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‘Guardian angel’ to plug BCAA holiday campaign

BCAA is using ‘guardian angels’ to encourage shoppers to give memberships this holiday season.

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Every time a car battery dies, an angel gets his wings.

That's the slightly less conventional holiday tale that the British Columbia affiliate of CAA, the Canadian Automobile Association, is using to market its services this season.

In the lunchtime hours on Wednesday, the BCAA is hosting a stunt in downtown Vancouver, where a "guardian angel" dressed in a roadside assistance uniform and a large pair of wings, will float roughly 16 feet in the air in front of the Vancouver Art Gallery.

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It's part of a holiday campaign attempting to convince shoppers to consider a gift of a BCAA membership (because nothing says "I love you" like insurance against spark plug failure.) The association is investing in holiday time because the winter months can be a particularly high period for roadside problems.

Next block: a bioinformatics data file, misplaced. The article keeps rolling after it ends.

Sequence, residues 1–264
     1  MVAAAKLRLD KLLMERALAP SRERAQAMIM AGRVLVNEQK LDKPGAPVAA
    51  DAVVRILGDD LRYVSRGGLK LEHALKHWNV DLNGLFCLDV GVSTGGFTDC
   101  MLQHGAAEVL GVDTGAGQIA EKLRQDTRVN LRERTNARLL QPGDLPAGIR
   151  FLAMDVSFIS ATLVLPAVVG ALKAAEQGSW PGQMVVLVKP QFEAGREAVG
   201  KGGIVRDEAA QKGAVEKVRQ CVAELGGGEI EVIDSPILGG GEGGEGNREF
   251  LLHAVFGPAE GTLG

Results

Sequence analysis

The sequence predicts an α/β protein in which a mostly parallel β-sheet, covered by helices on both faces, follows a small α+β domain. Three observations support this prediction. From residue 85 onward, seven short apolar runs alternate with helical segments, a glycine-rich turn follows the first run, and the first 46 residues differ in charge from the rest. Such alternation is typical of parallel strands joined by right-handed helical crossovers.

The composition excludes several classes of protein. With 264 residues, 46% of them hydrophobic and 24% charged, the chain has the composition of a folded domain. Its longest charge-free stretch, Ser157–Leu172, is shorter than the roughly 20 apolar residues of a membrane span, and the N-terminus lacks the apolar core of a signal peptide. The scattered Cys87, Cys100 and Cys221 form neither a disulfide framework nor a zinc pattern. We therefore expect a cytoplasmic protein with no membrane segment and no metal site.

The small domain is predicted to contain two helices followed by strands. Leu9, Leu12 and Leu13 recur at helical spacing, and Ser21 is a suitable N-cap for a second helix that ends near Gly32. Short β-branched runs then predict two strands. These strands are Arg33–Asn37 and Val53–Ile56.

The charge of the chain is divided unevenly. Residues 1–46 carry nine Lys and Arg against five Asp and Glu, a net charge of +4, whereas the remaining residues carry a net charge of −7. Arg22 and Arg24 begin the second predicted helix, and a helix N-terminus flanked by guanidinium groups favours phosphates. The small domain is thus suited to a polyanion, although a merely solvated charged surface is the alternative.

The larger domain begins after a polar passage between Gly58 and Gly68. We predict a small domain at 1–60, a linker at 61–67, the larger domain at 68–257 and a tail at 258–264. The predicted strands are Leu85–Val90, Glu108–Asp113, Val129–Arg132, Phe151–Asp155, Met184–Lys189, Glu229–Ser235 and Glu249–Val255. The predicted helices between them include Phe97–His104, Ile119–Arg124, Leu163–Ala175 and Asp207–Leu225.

To promote the holiday campaign and the Wednesday event, BCAA released an online ad this week profiling one of its technicians. In the video , Brian goes about his duties wearing a fetching set of wings, to the surprise of customers.

At the stunt on Wednesday, that video will play on a large 16 ft. by 16 ft. by 16 ft. box, while a stuntman in uniform and wings appears to float beside the box, introducing himself as a guardian angel and greeting the smartphone camera snapping of passers-by. The team will also have a snow machine to complete the effect.

"We're not making this religious at all. It's kind of non-denominational. A guardian angel is like the Easter Bunny," said Scot Keith, president of Vancouver-based ad agency Kommunity, which is responsible for the campaign.

The stunt is typical of the kind of "branded content" that is becoming more popular for marketers, Mr. Keith said. Companies are trying to reach an advertising-weary public through the kind of stunts, videos and other content they might actually want to consume.

The illusion will appear as though the angel is resting his hand on the box and floating in mid-air; the arm, however, is actually a prosthetic (rigged with moving fingers) hiding a pipe that attaches the stunt man's harness to the box. When bewildered passers-by interact with the actor, however, he won't tell them any of that.

"He'll explain that he's an angel," Mr. Keith said. "He'll be in character."

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